My most significant experience at the San Francisco Museum of Modern Art was at four in the morning, some time in 1999. The closing of Bill Viola’s exhibit was celebrated with an all-night museum party – we arrived around 3am and experienced Viola’s surreal video works in a time and place that felt exactly right for his shadowy, echoing, haunting pieces.
SFMOMA’s first dedicated building – opened in 1995 and designed by Mario Botta – reflected this time and place. In the late 1990s, San Francisco was in an internet boom that brought boatloads of money to the city, but the city had an edginess that gave way to things like Burning Man – inclusive, revolutionary and celebratory. Parties were drug-fueled and improper. To me, the Botta building, crowded and compact, with a dark stone floor lobby and heavy brick walls, felt completely consistent with this wild little city.
Now, in 2016, San Francisco has once again gotten the museum it deserves. The extraordinary new SFMOMA, designed by Snøhetta and three years in the making, is a feat of creativity and design. The $305 million expansion adds 235,000 square feet to the museum as a whole, including 100,000 more square feet of gallery space to the existing 70,000. It is bright, clean and accessible. East facing windows reveal a terrace with the largest public living wall in the U.S., made of more than 19,000 plants, including 21 native California species. A new gallery featuring the work of Alexander Calder blurs the line between indoor and outdoor.
“Accessibility” was one of the primary stated goals of the expansion – the first- and second-floor exhibition spaces will be free and open to the public, and admission is free for all visitors 18 and under. The message of inclusion and accessibility was given ample lip service during the press preview, as (white, mostly male) speakers used buzz words like “diversity,” “transparency” and “authenticity.” Yet the museum has come under fire for the dearth of women and artists of color represented in the galleries. But again, this is San Francisco in 2016 – where gentrification has driven out communities of color to make way for shiny new condo construction, and the SFPD police chief, Greg Suhr, was recently fired amid revelations of the force’s rampant apparent racism and deaths of unarmed African-American and Latino residents.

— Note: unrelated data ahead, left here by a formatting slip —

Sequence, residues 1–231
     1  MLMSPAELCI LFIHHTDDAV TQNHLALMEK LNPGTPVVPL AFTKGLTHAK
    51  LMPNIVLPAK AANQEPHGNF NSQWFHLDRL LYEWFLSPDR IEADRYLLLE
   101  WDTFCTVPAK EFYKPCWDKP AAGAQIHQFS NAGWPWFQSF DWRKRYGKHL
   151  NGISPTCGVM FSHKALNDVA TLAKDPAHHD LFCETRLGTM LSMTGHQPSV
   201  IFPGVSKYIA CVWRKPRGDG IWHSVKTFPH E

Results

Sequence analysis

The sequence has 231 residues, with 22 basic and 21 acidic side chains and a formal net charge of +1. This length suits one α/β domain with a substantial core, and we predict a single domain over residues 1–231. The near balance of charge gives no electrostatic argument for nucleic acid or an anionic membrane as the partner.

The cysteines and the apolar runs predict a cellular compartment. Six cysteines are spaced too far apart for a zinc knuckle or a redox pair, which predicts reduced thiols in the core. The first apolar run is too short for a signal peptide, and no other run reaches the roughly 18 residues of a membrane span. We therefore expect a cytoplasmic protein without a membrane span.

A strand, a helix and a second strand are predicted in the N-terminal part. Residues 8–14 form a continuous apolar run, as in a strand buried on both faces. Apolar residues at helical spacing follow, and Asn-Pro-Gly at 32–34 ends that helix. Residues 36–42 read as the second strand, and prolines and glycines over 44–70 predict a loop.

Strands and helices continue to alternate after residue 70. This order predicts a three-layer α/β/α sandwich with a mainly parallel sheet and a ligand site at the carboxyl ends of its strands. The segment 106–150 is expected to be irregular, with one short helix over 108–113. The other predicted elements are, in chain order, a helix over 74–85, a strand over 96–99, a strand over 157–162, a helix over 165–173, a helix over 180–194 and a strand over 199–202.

It is within this charged political climate that Snøhetta has created something spectacular. The material innovation is a large part of what makes this building remarkable. Known internationally for projects like the Norwegian National Opera and Ballet in Oslo and the National September 11th Memorial Museum Pavilion in New York, Snøhetta was faced with a number of design challenges. The new building had to fit in a block-long, narrow site, and it had to integrate with the existing 1995 Botta building. To create the new façade, which was inspired by the fog and waters of the bay, they created 700 FRP (fiberglass-reinforced polymer) panels that attach to a curtain-wall system, and create a rippling effect in changing light. The new space has six outdoor terraces, further blurring the lines between indoor and out, and a staggering amount of natural light for a museum. With 46% decrease in energy use – partially due to their custom LED lighting system, being one of the first museums to use them exclusively – and a water recycling system that creates a 60% reduction in potable water use, it’s on track to receive LEED Gold certification.
With numerous areas open to the public free of charge – including Roman steps that overlook the Richard Serra’s massive and awe-inspiring Sequence (2006) – two cafes and a coffee shop and all those terraces, the new museum does feel like a refuge, a clean, bright, meditative place. It feels fancy and wealthy. After all, 60,000 square feet of gallery space houses the Fisher Collection, the result of what museum director Neal Benezra called an “innovative public/private partnership.” Doris and Donald Fisher, founders of The Gap, amassed a huge collection of modern art – and wanted place to display it for the public. It’s understandable why the museum and Snøhetta wanted to emphasize accessibility – the museum exists primarily thanks to one couple’s wealth and taste.
Though the museum design has come under criticism, I found it undeniably beautiful, peaceful and inviting. But being there came with some grief, a feeling that something beautiful has been lost, as San Francisco fights to retain its heart and soul. Gone are the days when a renowned museum would open its doors to welcome the children of the night – where a messy, creative, progressive and radically inclusive ethos prevailed in the city. Something different is happening now and we have the perfect bright, shiny museum to show for it.